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Thursday, 24 December 2015

Functional Programming: Map/Reduce


  • Functional operations do not modify data structures. They always create new data.
  • Original data still exists in unmodified form.
  • Order of operations does not matter 
  • Example: 
 
Map  :

ÄMAP is the name of a higher-order function that applies a given function element-wise to a list of elements and returns a list of results
ÄOriginated in functional programming but common in many languages
ÄExample:
  square x = x * x
          map square [1,2,3,4,5] will return [1,4,9,16.25]
ÄNotice that I can process “map square” in parallel:
map square [1,2,3] -> [1,4,9]
map square [4,5] -> [16,25]
   



Reduce:

REDUCE (also known fold, accumulate, compress or inject) is a family of higher-order functions that iterate an arbitrary function over a data structure in some order and build up a return value. Typically, a REDUCE deals with two things: a combining function and a list of elements of some data structure. The fold then proceeds to combine elements of the data structure using the function in some systematic way.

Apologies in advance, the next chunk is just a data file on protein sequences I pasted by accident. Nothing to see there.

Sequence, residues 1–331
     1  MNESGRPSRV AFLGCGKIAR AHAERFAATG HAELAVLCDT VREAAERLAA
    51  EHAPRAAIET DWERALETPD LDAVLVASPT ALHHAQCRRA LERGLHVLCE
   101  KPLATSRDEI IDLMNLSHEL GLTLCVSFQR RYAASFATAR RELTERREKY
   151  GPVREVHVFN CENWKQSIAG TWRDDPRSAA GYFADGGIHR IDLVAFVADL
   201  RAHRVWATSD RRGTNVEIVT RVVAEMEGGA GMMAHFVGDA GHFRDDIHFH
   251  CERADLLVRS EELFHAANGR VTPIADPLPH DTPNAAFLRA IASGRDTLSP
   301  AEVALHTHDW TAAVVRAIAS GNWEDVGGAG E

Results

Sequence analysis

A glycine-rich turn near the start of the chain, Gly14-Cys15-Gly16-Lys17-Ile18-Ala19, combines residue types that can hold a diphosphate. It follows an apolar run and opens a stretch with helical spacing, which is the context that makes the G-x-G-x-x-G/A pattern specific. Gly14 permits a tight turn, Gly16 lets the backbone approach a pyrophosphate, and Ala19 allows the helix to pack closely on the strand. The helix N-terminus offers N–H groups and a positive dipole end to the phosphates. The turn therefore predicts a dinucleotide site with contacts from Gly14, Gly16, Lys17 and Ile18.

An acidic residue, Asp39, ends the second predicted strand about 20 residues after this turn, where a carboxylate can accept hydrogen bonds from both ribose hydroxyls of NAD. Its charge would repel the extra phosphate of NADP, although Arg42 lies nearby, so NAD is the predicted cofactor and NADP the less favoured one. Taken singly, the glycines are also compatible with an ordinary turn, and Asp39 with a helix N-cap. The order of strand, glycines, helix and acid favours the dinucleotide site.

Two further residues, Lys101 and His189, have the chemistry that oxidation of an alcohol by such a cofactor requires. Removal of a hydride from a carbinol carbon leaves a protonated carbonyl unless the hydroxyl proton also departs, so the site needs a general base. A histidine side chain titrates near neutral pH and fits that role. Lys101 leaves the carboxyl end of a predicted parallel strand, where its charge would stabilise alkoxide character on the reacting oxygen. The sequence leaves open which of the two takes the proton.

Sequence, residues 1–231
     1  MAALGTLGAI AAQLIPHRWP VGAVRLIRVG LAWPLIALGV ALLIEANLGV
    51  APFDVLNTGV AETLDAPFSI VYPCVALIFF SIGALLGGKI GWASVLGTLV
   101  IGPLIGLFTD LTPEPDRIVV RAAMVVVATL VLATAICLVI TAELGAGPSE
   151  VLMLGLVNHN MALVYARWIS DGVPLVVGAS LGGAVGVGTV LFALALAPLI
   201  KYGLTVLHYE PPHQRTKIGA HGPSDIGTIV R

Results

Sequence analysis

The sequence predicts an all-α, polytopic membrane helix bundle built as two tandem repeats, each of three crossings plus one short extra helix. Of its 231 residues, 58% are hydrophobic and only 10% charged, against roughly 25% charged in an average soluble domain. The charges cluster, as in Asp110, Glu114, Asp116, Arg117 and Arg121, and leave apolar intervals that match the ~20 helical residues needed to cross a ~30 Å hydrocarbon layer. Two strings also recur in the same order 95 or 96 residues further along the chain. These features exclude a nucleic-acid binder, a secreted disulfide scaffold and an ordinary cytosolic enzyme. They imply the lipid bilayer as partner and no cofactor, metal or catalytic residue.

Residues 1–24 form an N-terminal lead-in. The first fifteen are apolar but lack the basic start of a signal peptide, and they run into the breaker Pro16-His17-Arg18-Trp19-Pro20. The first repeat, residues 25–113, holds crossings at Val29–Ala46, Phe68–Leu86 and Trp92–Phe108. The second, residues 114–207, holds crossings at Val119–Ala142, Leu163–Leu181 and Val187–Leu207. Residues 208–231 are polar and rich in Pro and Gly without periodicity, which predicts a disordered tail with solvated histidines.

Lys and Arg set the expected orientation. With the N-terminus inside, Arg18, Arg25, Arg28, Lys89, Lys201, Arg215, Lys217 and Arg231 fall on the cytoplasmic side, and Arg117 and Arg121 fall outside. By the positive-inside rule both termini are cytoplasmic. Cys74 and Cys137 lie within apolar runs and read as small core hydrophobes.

Example:

MAX (1, 2, 3, 10,15, 20) -> 20

SUM (1, 7, 10) -> 18


In Hadoop REDUCE function always takes MAP function as an input 



ÄSome Examples of map/reduce:
 
Count of URL Access Frequency: The map function processes logs of web page requests and outputs <URL, 1>. The reduce function adds together all values for the same URL and emits a <URL, total count> pair
Reverse Web-Link Graph: The map function outputs <target, source> pairs for each link to a target URL found in a page named "source". The reduce function concatenates the list of all source URLs associated with a given target URL and emits the pair: <target, list(source)>
Count Words in the Document: The map function outputs each word plus an associated count of occurrences ("1" in this case). The reduce function sums together all the counts returned for a particular word. 
Difference between traditional and Mapreduce Programming:






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